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PinkPantheress - to hell with it Music Album Reviews

PinkPantheress - to hell with it Music Album Reviews
The 20-year-old UK producer broke out on TikTok with snippet-sized songs that ache with nostalgia for the recent past. Her intimate, lived-in music succeeds where cheaper imitations fail.

Within the cultural whirlpool of TikTok, home movies of high schoolers from 2004 represent a strange utopia: “[Life] just seemed to be happier and easier back then,” reads a top comment on a popular video. Like many of her peers, the British producer and singer PinkPantheress projects a sense of wistfulness about the early aughts. “[M]usic was so unpolished and cool because I feel like people weren’t afraid of being a little bit cringe,” she told i-D. Since releasing her first song on TikTok in late 2020, she’s cultivated a sound that she calls “new nostalgic”; for the 20-year-old singer, that means websites designed to look like Myspace profiles and music videos uploaded with intentionally low resolution. On her debut mixtape, to hell with it, PinkPantheress sketches a Y2K fantasy that’s strongest when she uses the past as a guide, not a gimmick.

PinkPantheress is savvier and slicker than other young musicians who’ve cribbed aesthetics from the 2000s. Unlike newly minted viral stars like Jxdn or Addison Rae, PinkPantheress has put her songs at the forefront of her fame, obscuring her identity behind a moniker adopted from her TikTok username. It wasn’t until months after her first TikTok that viewers got more than a glimpse of her face; her real name remains almost impossible to find.

And then there’s the music itself, quicksilver slices of bubblegum breakbeats that blink to life and fade out in just over a minute. Her breakout song, “Pain,” sampled UK garage megahit “Flowers,” but slows it down to match her sleepy state of mind. Rather than try to overpower the sample with her lyrics, she fills the space with “la la las,” letting the simple two-note sample breathe, revealing the “lo-fi hip hop beat” inside the pulsing, dance-ready rhythm of the original. Her songs have a welcome, deceptive simplicity that’s missing from the cynical sheen of ultra-famous U.S. TikTok artists; she’s content to let a beat simmer, sing a few coy phrases, and leave before the concept grows tired.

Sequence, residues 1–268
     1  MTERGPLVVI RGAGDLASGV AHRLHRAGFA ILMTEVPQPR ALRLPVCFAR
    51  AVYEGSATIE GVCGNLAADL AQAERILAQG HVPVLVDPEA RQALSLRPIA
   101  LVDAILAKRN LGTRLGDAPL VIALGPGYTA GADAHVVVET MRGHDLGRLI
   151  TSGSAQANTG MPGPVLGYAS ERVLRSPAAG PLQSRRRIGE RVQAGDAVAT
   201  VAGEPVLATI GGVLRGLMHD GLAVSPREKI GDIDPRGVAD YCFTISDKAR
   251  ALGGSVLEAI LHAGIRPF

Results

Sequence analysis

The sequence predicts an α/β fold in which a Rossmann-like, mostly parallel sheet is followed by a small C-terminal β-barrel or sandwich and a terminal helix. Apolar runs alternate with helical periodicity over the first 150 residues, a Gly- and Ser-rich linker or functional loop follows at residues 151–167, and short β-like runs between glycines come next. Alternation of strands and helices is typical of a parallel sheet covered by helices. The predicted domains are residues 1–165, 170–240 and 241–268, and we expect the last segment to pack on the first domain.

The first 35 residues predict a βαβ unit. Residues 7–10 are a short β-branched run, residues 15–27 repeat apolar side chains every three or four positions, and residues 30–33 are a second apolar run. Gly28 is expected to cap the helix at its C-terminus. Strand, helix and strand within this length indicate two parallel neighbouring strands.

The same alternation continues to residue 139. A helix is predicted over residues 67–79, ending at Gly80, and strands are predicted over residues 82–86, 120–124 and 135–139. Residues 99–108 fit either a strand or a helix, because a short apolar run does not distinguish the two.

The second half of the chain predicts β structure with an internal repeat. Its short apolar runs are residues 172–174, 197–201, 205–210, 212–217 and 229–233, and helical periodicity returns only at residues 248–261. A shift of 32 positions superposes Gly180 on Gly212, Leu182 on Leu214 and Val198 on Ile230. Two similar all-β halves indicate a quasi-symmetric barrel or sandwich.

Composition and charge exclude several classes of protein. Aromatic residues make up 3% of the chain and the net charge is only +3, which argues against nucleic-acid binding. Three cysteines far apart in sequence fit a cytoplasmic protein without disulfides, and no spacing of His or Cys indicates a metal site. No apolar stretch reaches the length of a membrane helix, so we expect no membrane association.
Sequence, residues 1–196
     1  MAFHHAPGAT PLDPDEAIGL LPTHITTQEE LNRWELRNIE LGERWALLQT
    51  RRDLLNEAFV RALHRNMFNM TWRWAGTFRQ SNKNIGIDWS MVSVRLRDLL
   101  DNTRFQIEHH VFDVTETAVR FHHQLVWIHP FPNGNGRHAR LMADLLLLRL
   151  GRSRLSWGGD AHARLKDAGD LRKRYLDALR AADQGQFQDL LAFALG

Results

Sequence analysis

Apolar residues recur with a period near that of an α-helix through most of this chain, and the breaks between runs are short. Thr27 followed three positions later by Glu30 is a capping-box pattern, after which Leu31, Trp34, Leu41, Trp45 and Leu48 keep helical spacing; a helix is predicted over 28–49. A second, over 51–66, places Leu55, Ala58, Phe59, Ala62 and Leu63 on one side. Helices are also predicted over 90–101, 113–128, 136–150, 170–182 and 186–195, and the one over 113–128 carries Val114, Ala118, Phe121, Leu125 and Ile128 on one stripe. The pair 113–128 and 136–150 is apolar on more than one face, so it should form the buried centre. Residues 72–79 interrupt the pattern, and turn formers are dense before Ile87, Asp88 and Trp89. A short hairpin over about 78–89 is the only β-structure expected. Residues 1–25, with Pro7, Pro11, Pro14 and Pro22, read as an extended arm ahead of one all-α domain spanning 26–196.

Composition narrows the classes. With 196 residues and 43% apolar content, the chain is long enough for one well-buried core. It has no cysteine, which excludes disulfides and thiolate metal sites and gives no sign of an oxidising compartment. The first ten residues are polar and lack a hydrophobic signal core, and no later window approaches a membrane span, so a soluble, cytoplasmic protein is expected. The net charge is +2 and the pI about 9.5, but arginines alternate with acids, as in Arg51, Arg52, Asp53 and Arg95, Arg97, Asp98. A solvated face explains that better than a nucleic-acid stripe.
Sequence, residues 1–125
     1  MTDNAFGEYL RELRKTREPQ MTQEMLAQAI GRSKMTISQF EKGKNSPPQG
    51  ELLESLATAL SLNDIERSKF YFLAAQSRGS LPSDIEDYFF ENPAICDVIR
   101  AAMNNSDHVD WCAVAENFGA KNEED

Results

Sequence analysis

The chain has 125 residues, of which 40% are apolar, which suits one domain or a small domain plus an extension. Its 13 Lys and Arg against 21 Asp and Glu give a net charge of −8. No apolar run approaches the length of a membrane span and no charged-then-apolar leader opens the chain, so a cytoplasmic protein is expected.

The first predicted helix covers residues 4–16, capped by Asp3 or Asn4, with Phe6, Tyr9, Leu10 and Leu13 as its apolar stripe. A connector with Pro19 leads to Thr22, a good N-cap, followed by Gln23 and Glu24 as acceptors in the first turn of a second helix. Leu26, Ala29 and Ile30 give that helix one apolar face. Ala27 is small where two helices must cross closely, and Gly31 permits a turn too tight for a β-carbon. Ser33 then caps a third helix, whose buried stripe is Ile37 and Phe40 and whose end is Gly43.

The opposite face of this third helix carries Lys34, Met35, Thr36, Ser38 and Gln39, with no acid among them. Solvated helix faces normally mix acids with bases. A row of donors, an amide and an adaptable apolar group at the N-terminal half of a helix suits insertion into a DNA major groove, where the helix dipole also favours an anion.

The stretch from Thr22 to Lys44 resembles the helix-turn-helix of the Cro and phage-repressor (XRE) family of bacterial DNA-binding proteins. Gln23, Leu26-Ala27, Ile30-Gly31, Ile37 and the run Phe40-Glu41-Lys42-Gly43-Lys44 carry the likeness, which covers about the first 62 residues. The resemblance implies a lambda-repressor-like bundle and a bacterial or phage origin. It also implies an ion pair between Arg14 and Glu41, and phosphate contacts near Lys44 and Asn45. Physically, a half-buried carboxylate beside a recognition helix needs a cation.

But what sets PinkPantheress’ music firmly in the modern day is her voice, an ethereal, pixelated miasma that breaks from the earnest delivery of her British predecessors. Her pinched coos feel hyperreal, the edges of her syllables sharpened as if sung by a swooning voice-to-text machine. There are obvious comparisons to futuristic singers like Grimes and Poppy, but PinkPantheress’ strangely soothing vocals also recall the performative over-enunciation of “TikTok voice.” That intimate quality reflects the recording process for most of her early singles, which were tracked lying down in her college dorm room because she felt unable to sing standing up. The combination of retro samples and Clairo-esque bedroom pop delivery breaks the early-2000s spell: Sure, those songs were perhaps more “cringe,” but their vocals were overdubbed to the high heavens. PinkPantheress feels like she’s whispering in your ear.

While she’s clearly a passionate scholar of the early millennium, she also seems aware that this era of her career can only go so far. Most of her songs are maddeningly fleeting, as if a longer look would reveal cracks in the facade. But PinkPantheress is beginning to push beyond genre tropes; though to hell with it is essentially a collection of previously released singles, the tape’s new songs hint at broader palettes and bigger risks. Where earlier lyrics were almost all outward projections onto an anonymous crush, “Reason” and “Nineteen” reflect on her own life. The latter, with its crashing waves and drawn-out violins, is the closest the record gets to a ballad. “I wasn’t meant to be/This bored at 19,” she confesses, a grounding moment on an album saturated with post-party depression. It’s a slow and sensual track underscored by a low bassline, and unlike the rest, it builds without cutting to a breakbeat drop. It still doesn’t exceed the maximum allotted time for a TikTok, but it’s constructed for private sentimentality, not internet virality.

PinkPantheress succeeds where cheaper imitations fail because her reference points feel lived-in rather than opportunistic. She adds an undeniably contemporary spin on her trove of samples, imbuing them with the intimacy and immediacy that comes from a childhood spent on self-confessional platforms like Tumblr and TikTok. On to hell with it, PinkPantheress sculpts a digital-age paradise that exists only in an invented memory of the past, setting the stage for a career set more firmly in the present.

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About Wanni Arachchige Udara Madusanka Perera

Hey, I'm Perera! I will try to give you technology reviews(mobile,gadgets,smart watch & other technology things), Automobiles, News and entertainment for built up your knowledge.
PinkPantheress - to hell with it Music Album Reviews PinkPantheress - to hell with it Music Album Reviews Reviewed by Wanni Arachchige Udara Madusanka Perera on Friday, October 15, 2021 Rating: 5

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